Doing Business in Belgium, Belgium Business Conduct - Allo' Expat Belgium
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Doing Business in Belgium

Forms of Business Organisation

Various types of business entities are permitted in Belgium. They include the following:

  • Corporations.
  • Private limited companies.
  • General partnerships.
  • Limited partnerships.
  • Partnerships limited by shares.
  • Cooperative companies.

The most commonly used entity is the corporation (Naamloze vennootschap/ Société Anonyme or NV/SA). An NV/SA must have at least two founding shareholders who appear before a public notary to establish the company. The NV/SA may issue bearer shares or registered shares. Hence, it is possible to have anonymous shareholders. The NV/SA may issue preferred shares. The shares are fully transferable and the shareholders’ liabilities are limited (i.e. to the extent of the amount of share capital not fully paid up). The minimum initial capital of an NV/SA amounts to EUR 61,500.

A ‘Besloten Vennootschap met Beperkte Aansprakelijkheid/ Société privée à responsabilité limitée (BVBA/SPRL)’ may only issue registered shares. The transfer of shares must be authorised by the shareholders. The shareholders’ liabilities are limited. The minimum initial capital of a BVBA/SARL amounts to EUR 18,600.

A ‘Commanditaire Vennootschap op aandelen/ Société commanditaire par actions (SC(A)/CV(A))’ is a partnership where ‘active partners’ manage the company and are distinguished from ‘silent partners’, who only invest in the company.

In a cooperative company (Cooperatieve vennootschap or C.V. in Dutch, Société coopérative or SC), shareholders may dissolve their interests by selling their shares back to the company. The share capital of a cooperative company is variable.

A ‘Vennootschap onder Firma/ Société en nom collectif (VOF/SNC)’ is a general partnership in which partners have a joint unlimited liability.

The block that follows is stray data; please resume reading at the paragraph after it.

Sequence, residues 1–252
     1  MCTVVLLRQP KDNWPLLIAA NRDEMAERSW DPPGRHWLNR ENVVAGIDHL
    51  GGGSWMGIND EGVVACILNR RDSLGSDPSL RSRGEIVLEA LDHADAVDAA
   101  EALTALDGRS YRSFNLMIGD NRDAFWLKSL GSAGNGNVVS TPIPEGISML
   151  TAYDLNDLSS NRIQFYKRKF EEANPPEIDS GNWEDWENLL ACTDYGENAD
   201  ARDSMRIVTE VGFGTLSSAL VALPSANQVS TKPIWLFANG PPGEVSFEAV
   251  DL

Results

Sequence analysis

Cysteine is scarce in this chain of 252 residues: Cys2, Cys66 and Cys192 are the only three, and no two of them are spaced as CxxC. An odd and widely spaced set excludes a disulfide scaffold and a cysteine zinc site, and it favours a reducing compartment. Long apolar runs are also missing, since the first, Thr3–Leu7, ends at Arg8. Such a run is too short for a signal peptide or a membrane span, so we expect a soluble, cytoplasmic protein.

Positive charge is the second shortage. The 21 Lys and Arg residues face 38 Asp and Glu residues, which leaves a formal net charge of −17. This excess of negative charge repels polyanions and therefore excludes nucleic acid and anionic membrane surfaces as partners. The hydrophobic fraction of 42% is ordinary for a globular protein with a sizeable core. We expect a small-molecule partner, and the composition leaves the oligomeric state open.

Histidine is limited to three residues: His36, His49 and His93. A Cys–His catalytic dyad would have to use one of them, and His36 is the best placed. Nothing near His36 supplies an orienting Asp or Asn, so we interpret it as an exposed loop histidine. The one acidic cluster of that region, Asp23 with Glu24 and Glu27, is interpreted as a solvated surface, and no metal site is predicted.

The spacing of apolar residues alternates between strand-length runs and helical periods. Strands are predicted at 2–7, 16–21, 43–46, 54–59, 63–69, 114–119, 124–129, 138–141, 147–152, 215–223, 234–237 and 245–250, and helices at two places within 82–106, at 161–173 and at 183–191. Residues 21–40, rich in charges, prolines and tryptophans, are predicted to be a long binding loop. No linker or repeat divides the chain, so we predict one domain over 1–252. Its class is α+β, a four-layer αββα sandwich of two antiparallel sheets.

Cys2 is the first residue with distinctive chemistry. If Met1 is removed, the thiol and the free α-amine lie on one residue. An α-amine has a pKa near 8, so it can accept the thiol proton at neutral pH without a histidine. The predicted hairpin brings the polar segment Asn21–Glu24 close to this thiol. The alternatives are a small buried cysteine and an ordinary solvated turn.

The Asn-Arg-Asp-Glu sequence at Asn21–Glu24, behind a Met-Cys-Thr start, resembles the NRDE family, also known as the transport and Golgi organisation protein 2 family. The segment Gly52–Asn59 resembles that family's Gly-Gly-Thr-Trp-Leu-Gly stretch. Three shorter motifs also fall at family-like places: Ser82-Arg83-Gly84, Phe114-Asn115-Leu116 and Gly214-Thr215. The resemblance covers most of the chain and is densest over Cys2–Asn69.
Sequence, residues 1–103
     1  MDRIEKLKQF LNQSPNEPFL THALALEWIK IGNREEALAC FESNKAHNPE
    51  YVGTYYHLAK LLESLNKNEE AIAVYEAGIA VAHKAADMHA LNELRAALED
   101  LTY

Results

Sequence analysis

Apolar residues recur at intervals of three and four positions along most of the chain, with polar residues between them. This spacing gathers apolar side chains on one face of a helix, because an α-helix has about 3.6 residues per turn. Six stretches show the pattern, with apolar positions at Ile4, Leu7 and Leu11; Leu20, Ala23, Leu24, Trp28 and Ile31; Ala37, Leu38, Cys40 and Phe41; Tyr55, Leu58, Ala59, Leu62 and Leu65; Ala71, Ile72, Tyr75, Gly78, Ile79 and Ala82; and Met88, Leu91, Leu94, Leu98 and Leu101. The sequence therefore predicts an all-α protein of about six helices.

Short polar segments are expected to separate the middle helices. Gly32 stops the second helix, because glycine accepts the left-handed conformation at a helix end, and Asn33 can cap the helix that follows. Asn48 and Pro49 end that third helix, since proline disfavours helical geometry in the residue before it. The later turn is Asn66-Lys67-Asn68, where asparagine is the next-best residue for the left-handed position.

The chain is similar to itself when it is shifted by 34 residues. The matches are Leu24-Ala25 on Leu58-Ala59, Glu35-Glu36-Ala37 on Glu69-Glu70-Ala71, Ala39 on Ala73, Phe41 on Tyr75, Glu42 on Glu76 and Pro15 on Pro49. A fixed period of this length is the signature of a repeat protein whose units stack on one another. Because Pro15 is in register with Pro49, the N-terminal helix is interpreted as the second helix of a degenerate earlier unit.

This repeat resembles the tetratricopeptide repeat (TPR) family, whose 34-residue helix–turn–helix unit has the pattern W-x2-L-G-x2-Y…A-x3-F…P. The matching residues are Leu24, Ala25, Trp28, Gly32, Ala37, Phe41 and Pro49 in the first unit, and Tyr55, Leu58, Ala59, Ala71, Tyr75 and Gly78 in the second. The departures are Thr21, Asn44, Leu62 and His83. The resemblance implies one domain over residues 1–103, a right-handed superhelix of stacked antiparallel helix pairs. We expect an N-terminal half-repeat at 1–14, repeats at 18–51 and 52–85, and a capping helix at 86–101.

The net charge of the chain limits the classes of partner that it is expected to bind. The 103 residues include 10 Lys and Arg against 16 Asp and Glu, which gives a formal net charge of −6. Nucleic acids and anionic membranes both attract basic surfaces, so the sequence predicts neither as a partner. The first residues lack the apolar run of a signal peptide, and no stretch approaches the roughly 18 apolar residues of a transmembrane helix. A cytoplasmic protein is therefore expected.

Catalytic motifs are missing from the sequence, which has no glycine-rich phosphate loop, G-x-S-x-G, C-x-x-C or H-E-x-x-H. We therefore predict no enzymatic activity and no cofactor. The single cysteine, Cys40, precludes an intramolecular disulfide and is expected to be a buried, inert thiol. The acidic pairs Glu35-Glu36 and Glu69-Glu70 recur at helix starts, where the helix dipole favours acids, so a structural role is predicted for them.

The following are also considered as Belgian partnerships: the ‘Maatschap/ Société de Droit Commun’, the ‘Tijdelijke Handelsvennootschap/ Société Momentanée’, the ‘Stille Handelsvennootschap/ Société Interne’ and the Economic Interest Grouping (Economisch Samenwerkingsverband/ Groupement d’Interet Economique). A legal partnership is basically an agreement whereby the silent partner participates in the profit or loss of certain activities of the active partner, who is mostly also the managing partner. Silent partnerships do not have legal personality. They are tax transparent and have a special tax treatment.

Branches of Foreign Companies

Foreign companies may establish Belgian branches provided certain formalities are fulfilled, such as the filing of the articles of incorporation of the foreign company with the Registry of the Commercial Court.
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Joint Ventures

A joint venture can be established by two or more companies to perform a special project. Joint ventures do not have separate legal personality.


Trusts may not be established under Belgian law. However, foreign trusts are recognised.

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